The Obama administration said Tuesday that gains made in the war against drugs in Colombia were “entirely reversible without continued United States support” and affirmed its continued aid, with the release by the White House of a five-year drug control strategy
The plan is “part of a multi-year strategy” through which the U.S. will “transfer operational and funding responsibility for counter-narcotics and security programs to the Colombian government.”
The U.S. praised the Colombian security forces in expanding into areas “long dominated by coca production and illegally armed groups” which “allowed the Colombian government, for the first time, to focus on establishing government presence and integrated rural development in these areas.”
The startegy aims to expand “governance in conflict areas so that all Colombians have access to government services, protection from terrorist or criminal groups, and a licit manner in which to earn a living.”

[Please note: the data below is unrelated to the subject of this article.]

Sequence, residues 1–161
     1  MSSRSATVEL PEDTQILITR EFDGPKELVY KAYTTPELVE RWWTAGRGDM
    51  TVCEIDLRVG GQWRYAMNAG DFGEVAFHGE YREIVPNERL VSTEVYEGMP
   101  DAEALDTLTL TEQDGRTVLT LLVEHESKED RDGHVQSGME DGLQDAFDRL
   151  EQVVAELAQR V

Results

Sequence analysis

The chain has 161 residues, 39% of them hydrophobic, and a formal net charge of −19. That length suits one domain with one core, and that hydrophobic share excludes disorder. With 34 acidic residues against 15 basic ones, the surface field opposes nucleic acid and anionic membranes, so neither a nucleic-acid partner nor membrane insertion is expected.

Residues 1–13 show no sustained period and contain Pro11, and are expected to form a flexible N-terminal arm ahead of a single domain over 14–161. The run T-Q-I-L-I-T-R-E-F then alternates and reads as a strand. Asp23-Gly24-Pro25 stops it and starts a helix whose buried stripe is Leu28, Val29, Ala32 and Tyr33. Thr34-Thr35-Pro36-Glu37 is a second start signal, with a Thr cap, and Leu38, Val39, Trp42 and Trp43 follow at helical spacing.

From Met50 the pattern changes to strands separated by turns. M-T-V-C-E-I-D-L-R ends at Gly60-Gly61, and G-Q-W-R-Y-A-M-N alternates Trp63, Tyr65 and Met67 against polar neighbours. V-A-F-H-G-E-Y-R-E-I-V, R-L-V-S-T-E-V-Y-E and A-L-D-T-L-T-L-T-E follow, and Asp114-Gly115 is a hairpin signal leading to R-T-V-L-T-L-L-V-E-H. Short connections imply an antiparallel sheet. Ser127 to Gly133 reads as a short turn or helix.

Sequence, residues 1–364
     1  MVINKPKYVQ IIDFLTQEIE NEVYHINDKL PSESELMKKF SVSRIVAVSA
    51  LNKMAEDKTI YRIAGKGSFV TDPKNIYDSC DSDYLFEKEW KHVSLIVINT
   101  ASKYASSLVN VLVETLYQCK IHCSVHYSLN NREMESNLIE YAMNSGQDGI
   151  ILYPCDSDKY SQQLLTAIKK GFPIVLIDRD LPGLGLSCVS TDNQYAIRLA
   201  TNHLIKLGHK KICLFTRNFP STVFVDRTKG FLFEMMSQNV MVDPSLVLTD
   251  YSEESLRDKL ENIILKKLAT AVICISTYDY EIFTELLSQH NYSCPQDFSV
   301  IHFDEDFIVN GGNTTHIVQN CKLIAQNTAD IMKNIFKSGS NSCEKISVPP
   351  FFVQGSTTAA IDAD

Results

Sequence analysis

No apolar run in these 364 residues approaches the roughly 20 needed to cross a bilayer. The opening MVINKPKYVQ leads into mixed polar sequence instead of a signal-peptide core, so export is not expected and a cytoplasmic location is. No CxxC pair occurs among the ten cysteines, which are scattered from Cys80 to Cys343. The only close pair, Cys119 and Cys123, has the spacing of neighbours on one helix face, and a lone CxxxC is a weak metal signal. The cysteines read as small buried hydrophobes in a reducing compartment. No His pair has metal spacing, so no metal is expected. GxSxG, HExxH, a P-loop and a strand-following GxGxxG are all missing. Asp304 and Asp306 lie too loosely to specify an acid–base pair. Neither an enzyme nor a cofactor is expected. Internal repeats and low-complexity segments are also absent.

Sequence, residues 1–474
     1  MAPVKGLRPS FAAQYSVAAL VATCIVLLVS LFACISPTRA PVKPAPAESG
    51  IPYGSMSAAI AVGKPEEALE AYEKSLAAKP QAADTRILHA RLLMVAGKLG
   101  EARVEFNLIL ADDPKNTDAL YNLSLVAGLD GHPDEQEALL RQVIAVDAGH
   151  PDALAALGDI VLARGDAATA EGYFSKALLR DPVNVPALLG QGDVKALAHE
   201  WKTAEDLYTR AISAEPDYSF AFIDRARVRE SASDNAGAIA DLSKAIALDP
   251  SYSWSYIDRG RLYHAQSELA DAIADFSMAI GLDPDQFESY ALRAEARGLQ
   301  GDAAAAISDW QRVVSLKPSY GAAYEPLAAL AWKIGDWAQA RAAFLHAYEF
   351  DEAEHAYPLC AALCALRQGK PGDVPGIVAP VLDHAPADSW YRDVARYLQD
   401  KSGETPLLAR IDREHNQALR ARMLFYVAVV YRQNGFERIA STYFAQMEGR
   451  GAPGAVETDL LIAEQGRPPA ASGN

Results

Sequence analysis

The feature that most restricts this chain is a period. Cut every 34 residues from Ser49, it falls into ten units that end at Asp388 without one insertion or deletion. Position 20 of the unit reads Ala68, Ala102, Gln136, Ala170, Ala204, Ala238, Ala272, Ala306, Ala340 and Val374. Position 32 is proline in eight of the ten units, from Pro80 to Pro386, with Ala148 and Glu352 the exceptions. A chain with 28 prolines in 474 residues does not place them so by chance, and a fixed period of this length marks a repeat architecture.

The White House report also outlined successes of Plan Colombia, which the U.S. describes as “one of the largest and most comprehensive efforts by the United States to assist an ally in Latin America with a national drug emergency.”
According to the plan, cocaine “potential production” has dropped from 485 metric tons per year in 2007 to 295 metric tons in 2008, representing a 39% decrease.
Over the past ten years kidnappings were down 95%, terrorist attacks dropped by 79% and there was a 44% reduction in homicides, the report claims.
Finally the U.S. stated that “a multi-year investment in terms of financial resources and political comittment” was required to “address the complex and longstanding challenges” of the problem.